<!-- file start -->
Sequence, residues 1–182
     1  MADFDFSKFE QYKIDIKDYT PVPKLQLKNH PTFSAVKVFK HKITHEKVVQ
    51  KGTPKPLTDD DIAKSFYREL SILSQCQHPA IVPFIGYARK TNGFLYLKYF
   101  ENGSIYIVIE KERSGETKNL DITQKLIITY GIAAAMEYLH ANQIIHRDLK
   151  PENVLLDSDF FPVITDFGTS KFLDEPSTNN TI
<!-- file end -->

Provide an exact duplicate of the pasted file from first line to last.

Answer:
Sequence, residues 1–182
     1  MADFDFSKFE QYKIDIKDYT PVPKLQLKNH PTFSAVKVFK HKITHEKVVQ
    51  KGTPKPLTDD DIAKSFYREL SILSQCQHPA IVPFIGYARK TNGFLYLKYF
   101  ENGSIYIVIE KERSGETKNL DITQKLIITY GIAAAMEYLH ANQIIHRDLK
   151  PENVLLDSDF FPVITDFGTS KFLDEPSTNN TI